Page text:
Ischemic stroke classification is critical in conducting basic research and clinical practice. A precise analysis of stroke subtypes requires the integration of clinical features, findings from diagnostic tests, and knowledge about potential etiologic factors by competent diagnostic investigators. We performed a literature review of the published stroke classification systems and examined each for its benefits and limitations in the evaluation of the stroke etiology. Two major approaches to etiologic classifications of ischemic stroke are currently being used: the causative and phenotypic subtyping. The most widely used causative system is the Trial of Org 10172 in acute stroke treatment (TOAST) classification. With the advances in modern diagnostic technology, new stroke subclassification systems, such as the causative classification system (CCS) and Chinese ischemic stroke subclassification (CISS) system, have been developed to enhance the accuracy of TOAST. The A-S-C-O (Atherosclerosis, Small-vessel disease, Cardiac source, Other cause) phenotypic classification system makes efforts to identify the most likely etiology but not neglecting the possibility of other potential multiple causes. We conclude that the ideal stroke classification system needs to be valid, easy to use, evidence-based, and incorporate new information as it emerges.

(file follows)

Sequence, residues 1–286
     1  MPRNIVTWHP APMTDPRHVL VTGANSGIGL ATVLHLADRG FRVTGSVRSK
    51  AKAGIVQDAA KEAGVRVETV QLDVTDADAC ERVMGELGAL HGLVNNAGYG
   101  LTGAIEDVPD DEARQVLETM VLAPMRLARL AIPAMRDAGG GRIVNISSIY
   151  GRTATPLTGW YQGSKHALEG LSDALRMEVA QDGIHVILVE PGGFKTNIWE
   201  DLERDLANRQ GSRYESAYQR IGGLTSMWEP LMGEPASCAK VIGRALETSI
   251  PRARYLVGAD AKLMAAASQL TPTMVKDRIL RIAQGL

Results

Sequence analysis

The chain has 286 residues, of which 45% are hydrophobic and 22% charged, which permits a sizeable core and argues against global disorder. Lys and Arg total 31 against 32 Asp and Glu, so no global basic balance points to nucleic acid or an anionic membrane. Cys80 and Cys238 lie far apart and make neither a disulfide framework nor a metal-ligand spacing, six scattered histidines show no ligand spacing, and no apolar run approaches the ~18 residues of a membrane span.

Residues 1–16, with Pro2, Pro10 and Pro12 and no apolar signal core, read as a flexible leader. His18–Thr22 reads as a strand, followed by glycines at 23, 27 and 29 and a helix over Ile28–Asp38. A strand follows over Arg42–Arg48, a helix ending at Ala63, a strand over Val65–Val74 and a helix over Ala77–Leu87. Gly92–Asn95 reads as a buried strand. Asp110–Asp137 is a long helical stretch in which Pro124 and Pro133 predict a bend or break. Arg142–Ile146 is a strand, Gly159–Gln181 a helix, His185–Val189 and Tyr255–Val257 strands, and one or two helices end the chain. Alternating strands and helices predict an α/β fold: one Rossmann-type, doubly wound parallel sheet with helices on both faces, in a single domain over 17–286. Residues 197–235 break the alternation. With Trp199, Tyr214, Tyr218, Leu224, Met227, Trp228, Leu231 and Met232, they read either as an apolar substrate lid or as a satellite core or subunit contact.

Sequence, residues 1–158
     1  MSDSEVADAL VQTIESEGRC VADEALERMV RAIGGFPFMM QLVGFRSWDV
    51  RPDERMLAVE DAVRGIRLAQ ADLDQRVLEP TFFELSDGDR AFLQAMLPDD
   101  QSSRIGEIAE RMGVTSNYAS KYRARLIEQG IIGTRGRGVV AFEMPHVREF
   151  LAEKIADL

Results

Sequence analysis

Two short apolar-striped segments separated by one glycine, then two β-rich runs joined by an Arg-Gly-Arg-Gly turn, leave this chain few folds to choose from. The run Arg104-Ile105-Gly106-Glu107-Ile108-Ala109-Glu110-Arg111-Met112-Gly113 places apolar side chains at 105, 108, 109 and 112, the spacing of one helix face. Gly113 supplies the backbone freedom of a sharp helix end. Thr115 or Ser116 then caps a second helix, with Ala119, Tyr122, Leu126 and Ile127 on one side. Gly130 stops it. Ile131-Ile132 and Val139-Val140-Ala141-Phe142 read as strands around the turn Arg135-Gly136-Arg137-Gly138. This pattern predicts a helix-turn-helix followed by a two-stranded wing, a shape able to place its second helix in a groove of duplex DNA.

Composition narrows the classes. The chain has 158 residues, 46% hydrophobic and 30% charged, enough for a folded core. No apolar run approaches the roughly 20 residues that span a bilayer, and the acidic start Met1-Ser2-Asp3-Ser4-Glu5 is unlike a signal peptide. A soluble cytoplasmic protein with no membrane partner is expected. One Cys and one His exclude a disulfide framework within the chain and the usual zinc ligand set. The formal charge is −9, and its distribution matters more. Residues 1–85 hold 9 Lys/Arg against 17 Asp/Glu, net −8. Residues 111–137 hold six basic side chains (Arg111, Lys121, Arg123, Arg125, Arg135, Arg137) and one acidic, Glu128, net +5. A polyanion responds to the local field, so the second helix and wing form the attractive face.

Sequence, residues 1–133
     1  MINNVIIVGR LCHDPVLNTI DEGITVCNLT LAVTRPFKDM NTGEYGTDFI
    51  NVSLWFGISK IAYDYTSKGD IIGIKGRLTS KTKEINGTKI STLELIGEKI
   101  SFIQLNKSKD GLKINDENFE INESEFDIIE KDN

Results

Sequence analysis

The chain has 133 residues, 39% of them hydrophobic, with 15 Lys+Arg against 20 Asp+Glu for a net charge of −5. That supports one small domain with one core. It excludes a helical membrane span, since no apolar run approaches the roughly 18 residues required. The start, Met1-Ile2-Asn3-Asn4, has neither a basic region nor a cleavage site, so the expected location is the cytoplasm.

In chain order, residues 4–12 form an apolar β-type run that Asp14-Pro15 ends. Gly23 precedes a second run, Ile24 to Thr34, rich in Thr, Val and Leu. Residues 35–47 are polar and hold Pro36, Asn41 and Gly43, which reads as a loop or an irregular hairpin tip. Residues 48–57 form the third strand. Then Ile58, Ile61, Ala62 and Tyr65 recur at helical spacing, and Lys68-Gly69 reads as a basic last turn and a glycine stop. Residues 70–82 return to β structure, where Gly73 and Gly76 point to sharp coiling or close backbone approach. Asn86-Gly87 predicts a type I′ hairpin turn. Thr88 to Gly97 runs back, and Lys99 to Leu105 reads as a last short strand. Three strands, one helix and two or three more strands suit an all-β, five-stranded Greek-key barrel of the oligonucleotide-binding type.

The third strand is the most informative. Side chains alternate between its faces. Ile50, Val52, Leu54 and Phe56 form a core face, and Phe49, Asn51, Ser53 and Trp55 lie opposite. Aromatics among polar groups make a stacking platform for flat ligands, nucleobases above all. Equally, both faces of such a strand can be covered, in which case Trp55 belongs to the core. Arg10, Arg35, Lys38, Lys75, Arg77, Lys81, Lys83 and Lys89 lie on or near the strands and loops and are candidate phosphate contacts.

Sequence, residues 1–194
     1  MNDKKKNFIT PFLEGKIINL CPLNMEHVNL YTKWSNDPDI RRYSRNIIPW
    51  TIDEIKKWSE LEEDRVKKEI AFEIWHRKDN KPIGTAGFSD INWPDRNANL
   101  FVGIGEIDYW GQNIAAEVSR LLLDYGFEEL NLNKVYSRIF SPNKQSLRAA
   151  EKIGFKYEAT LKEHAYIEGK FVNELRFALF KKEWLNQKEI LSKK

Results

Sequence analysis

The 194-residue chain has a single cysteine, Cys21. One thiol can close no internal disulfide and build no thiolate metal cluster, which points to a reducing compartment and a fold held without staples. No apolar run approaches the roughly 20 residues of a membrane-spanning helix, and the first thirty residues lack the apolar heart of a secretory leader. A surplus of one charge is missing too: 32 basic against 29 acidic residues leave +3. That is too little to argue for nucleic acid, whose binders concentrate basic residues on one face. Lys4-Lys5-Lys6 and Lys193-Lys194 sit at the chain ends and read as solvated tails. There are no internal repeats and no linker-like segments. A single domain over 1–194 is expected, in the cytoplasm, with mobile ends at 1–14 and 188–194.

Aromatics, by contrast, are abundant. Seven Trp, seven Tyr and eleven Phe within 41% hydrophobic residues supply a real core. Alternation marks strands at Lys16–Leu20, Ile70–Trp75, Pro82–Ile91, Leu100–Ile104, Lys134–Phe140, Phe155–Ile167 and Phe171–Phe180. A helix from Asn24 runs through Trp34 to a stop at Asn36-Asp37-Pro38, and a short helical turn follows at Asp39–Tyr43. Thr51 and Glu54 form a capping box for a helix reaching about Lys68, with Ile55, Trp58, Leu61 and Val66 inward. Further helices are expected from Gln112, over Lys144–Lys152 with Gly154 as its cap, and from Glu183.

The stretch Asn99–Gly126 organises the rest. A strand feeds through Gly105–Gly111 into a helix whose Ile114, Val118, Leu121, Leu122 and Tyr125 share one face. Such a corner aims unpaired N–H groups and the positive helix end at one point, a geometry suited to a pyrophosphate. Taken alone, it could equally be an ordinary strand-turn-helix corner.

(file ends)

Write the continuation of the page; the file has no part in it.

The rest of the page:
© 2012 Blackwell Publishing Ltd.